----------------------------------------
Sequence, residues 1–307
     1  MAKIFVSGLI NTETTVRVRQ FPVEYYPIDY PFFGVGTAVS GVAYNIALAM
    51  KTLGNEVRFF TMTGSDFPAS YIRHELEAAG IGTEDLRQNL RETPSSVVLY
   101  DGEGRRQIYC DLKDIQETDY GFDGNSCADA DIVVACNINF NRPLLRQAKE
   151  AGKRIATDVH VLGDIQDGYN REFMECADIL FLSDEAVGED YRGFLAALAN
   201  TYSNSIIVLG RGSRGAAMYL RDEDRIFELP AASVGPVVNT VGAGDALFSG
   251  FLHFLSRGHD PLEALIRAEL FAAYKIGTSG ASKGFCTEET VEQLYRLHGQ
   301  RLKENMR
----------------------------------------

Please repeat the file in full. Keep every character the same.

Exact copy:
Sequence, residues 1–307
     1  MAKIFVSGLI NTETTVRVRQ FPVEYYPIDY PFFGVGTAVS GVAYNIALAM
    51  KTLGNEVRFF TMTGSDFPAS YIRHELEAAG IGTEDLRQNL RETPSSVVLY
   101  DGEGRRQIYC DLKDIQETDY GFDGNSCADA DIVVACNINF NRPLLRQAKE
   151  AGKRIATDVH VLGDIQDGYN REFMECADIL FLSDEAVGED YRGFLAALAN
   201  TYSNSIIVLG RGSRGAAMYL RDEDRIFELP AASVGPVVNT VGAGDALFSG
   251  FLHFLSRGHD PLEALIRAEL FAAYKIGTSG ASKGFCTEET VEQLYRLHGQ
   301  RLKENMR